The A-Z of Israel
On 22 January, Israelis will go to the polls. The world watches – but how much do we really know about the country that calls itself “the sole bastion of democracy” in the Middle East?
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I is for Institute
Uri Dromi writes: Israel’s Institute for Intel - ligence and Special Operations (haMossad leModi’in uleTafkidim Meyuchadim, or “the Mossad”), established in 1951, analyses in - telligence and performs special covert operations beyond Israel’s borders. According to its official website, over the years it has extended its activities to include preventing the development and procurement of nonconventional weapons by hostile countries; pre-empting terrorist acts against Israeli targets abroad; and bringing Jews home from countries where official aliyah (Jewish immigration) agencies are not allowed to operate.
Though officially Israel has refrained in the past from volunteering information about the Mossad, the state acknowledged some of its early operations, the most prominent one being the abduction of Adolf Eichmann in Argentina in 1960 under the personal command of its then-chief, Isser Harel. After the massacre of Israeli athletes at the 1972 Munich Olympics, Golda Meir ordered it to launch “Operation Wrath of God” and kill Ali Hassan Salameh, head of the Palestinian terror group Black September, which had committed the crime. Mossad agents in Lillehammer, Norway, killed a Moroccan by the name of Ahmed Bouchiki, mistaking him for Salameh.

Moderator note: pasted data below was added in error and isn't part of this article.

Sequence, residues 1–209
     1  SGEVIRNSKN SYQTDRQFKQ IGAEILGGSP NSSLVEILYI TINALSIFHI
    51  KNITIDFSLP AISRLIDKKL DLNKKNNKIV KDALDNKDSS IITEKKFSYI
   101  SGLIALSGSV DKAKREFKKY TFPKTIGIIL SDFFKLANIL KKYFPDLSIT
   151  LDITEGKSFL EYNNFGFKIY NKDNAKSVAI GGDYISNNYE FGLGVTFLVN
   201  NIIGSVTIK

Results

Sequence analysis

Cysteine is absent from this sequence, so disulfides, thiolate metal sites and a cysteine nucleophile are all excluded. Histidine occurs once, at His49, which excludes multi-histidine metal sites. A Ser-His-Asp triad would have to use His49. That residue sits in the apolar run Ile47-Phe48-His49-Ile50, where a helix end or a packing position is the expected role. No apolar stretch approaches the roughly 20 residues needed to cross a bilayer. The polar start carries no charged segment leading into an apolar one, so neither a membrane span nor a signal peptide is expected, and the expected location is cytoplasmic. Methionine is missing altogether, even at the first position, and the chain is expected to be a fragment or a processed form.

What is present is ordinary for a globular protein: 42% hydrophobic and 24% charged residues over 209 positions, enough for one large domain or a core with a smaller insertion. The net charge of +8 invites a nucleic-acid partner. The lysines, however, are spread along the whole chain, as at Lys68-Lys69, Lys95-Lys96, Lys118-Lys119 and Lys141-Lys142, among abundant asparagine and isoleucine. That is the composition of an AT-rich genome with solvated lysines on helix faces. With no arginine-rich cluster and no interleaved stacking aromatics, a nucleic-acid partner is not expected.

In 1997, in broad daylight in a street in Amman, Jordan, its agents also tried unsuccessfully to kill Khaled Meshal, the political leader of Hamas. However, these embarrassing failures pale in comparison to the series of successes that won the Mossad the respect of other intelligence agencies and the admiration of millions of Israelis.
With the rise of the threat of Israel’s enemies acquiring nuclear capability, foreign sources reported that the Mossad was responsible for gathering the intelligence that led to the successful aerial attack on Syria’s nuclear reactor in 2007. It is believed that it was the Mossad which, in 2010-2011, killed vital Iranian nuclear engineers and managers and carried out serious sabotage. After retiring in 2011 as the head of the Mossad, Meir Dagan spoke publicly against what seemed to be a determination by Prime Minister Binyamin Netanyahu and Defence Minister Ehud Barak to attack Iran’s nuclear facilities. In what appeared to Israeli observers a “oneman crusade”, he said that Israel should leave the leadership role to the United States (see V for Veto and X for X-band radar), implying that covert actions are much more efficient than a military attack, which might spark unforeseen grave consequences.
Uri Dromi was spokesman for the Rabin and Peres governments of Israel from 1992-96